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Dungeons & Dragons Tactics

Dungeons & Dragons Tactics

Platform:
Developer: Kuju Entertainment
Publisher: Atari
ESRB: T
Release Date: June 19, 2007











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Trade in the Plastic Dice, It's Time to Get Digital

    For a long time now, Dungeons & Dragons enthusiasts have had the chance to experience their favorite paper and pencil adventures through video and computer games. Titles like Baldur's Gate and Neverwinter Nights have brought a certain special magic to D&D lore, but haven't provided an experience which is truly what D&D is all about. We're talking about grid-mapped dungeons and turn-based action. The lack of these fundamental elements may have alienated tabletop purists from the digital-dungeon crawling scene, causing a schism between tabletop and video gaming. However, the gap is being bridged as we speak, and a new entry into the D&D franchise is set to win the hearts of both dice-throwers and button-mashers alike. Atari and Kuju present to you, Dungeons & Dragons Tactics.

"How befitting, not only are there dungeons in this game... but there are dragons as well."

    It's a bit ironic how a Dungeons & Dragons title has to insert the word "Tactics" to reaffirm that it's going back to its roots. In fact, the developers claim that the game faithfully replicates a genuine D&D experience; everything contained within the version 3.5 core books are strictly adhered to. This means to say that memorizing the complexities of flat-footed, encumbrance, initiative, saving throws, armor class, and fog of war will pay off. For D&D newbies, this means you'll have quite a lot to catch up on, but don't fret, there's an in-game tutorial to help ease your soon-to-come information overload. Most of the game takes place in colossal, grid-mapped dungeons, where you'll have to lead a party of six through to safety. These dungeons are so huge that the game has incorporated a save-anywhere feature just in case you need to quit in the middle of a quest. The atmosphere is brought to life with the fog of war and lighting effects, which both revolve around the D&D aspect of visibility. This makes for a good use of visual quality and strategic planning; you don't want to move too fast and find out you're being ambushed by a horde of orcs. Challenging puzzles and riddles will mar your progression; these little obstacles are a good replacement for that clever, yet often times cruel, Dungeon Master. Turn-based combat begins when nearby enemies are detected and the game immediately calculates for initiative and other bonuses to see who goes first. In combat you'll have two options, either a movement or a standard action. When choosing an option, such as attacking, color indicators will signal the chance of that attack succeeding. For example, a red ring around the enemy means very low chance of success, while green means good.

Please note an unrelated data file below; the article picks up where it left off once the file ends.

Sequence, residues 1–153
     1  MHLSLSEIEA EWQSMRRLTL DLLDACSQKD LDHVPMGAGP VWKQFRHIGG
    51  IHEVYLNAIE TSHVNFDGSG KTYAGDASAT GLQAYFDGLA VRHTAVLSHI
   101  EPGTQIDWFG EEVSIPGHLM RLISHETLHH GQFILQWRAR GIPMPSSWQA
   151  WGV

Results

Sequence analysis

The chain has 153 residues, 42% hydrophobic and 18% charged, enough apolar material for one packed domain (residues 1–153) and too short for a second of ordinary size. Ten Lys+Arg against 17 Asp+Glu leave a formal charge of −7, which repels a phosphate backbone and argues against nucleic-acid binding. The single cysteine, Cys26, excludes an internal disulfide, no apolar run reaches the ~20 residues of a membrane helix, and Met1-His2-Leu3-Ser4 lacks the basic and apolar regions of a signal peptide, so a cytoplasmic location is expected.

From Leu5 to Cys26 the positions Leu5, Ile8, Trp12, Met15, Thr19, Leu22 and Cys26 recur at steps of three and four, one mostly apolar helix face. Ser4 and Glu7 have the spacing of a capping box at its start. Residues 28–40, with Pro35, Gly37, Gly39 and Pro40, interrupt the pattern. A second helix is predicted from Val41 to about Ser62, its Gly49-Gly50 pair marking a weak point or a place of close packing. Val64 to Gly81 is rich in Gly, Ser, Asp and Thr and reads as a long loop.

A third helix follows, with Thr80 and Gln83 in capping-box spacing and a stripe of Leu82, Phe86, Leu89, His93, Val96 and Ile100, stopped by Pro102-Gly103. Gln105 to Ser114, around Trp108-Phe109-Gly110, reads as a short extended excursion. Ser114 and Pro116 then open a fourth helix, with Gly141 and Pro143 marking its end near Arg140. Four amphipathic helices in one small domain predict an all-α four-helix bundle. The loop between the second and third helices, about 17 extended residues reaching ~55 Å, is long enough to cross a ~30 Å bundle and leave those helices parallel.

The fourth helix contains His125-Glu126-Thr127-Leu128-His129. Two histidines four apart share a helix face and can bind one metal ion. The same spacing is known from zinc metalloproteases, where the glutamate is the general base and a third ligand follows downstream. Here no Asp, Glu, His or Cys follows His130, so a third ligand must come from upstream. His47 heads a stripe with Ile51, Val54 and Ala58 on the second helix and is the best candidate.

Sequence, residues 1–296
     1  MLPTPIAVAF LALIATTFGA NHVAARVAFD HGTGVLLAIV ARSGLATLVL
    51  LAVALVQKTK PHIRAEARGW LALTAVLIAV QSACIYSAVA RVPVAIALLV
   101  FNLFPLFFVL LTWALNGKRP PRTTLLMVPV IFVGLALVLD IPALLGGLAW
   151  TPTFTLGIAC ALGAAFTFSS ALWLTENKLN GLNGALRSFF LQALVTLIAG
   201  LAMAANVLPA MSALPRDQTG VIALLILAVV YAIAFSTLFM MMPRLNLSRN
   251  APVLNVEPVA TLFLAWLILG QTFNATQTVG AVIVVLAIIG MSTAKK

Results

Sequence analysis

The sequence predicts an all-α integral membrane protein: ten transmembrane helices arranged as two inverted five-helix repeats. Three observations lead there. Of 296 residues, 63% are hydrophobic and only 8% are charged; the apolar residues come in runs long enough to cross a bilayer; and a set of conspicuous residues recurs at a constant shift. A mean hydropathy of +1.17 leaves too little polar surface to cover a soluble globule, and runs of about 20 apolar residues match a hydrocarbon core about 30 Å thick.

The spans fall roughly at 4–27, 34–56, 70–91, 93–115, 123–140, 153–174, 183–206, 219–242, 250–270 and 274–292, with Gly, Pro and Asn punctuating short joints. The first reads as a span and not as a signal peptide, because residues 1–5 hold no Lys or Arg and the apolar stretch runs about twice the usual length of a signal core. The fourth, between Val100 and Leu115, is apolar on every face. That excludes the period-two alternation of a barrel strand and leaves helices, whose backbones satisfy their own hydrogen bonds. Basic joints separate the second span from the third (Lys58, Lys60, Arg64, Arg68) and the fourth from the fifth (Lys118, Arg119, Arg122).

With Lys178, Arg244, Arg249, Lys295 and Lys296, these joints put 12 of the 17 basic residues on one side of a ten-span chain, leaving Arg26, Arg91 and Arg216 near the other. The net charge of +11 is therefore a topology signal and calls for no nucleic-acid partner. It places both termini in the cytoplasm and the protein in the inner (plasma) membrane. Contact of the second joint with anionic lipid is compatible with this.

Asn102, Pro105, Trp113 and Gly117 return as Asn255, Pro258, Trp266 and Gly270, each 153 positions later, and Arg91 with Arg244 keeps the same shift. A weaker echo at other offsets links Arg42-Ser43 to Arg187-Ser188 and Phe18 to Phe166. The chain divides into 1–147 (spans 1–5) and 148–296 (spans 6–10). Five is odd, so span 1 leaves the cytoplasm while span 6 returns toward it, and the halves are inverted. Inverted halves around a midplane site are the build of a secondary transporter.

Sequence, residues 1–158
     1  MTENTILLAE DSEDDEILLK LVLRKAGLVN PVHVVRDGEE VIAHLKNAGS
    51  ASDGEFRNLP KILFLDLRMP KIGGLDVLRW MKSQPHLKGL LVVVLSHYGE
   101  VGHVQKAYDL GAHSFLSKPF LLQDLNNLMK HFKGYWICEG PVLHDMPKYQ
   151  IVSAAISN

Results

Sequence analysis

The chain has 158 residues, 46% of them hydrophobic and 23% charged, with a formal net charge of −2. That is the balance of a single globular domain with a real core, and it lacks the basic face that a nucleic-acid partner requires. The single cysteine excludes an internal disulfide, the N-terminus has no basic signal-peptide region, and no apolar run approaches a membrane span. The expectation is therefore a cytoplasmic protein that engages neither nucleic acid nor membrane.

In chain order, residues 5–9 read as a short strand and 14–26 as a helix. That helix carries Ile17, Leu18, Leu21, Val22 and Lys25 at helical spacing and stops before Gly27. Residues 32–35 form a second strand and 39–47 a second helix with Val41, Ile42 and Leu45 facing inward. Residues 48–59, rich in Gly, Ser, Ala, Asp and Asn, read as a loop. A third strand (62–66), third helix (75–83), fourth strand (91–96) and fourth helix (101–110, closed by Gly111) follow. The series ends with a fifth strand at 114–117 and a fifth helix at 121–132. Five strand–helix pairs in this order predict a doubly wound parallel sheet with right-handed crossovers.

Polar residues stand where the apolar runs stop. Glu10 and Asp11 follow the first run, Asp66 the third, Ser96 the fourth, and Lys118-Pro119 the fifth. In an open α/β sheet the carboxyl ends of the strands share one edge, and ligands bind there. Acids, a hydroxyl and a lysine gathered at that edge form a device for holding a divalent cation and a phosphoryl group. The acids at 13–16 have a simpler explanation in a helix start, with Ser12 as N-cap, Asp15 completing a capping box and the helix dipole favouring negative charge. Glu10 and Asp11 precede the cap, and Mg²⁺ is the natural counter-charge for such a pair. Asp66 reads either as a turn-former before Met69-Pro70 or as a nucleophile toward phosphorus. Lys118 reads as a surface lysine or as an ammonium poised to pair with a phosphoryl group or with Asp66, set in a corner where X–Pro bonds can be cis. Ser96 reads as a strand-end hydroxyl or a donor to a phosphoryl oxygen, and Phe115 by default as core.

Appearing straight out of the core books, you'll be able to create characters based on all seven races and eleven classes. In addition to this, two psionic classes have been added--the Psychic Warrior and Psion. Characters have further customization with alignment, which allows you to follow a path of light or darkness. Top this off with more than 200 spells, 100 feats, and 40 different weapon types, and you'll have a character unlike any other. You can even create as many characters as you like, since you're limited only by the amount of space left on your PSP memory stick. You'll even have the option to trade characters with other players via the PSP's ad hoc connection.

    Speaking of ad hoc, D&D Tactics will be making good use of the PSP wireless network. The game will have a bunch of multi-player modes. You and five other nearby friends can band together and tackle the main quest. If a friend has to leave, you can assign their character to someone else, so you won't have to cut the gaming session short. If cooperation is not your thing, then you'll want to check out the battle modes where you can challenge friends to see who's boss. They are aptly named: Last Man Standing, Dragon Kill, Gladiator, and Treasure Hunt. This game, however, is not playable online and downloadable content is no longer available. The downloads have been axed because they've already been included on the game disc itself.

    D&D Tactics takes place on an original world, so you won't be seeing familiar locales or NPCs from previous campaign settings. The plot revolves around a war between two power-hungry dragons who consequently drag the entire world into their bitter rivalry. How befitting, not only are there dungeons in this game... but there are dragons as well.

    So mark the date on your calendar. June 19, 2007 is the day Dungeons & Dragons Tactics will be released in North America. For our European and Aussie buddies, look out for a late June-July release.



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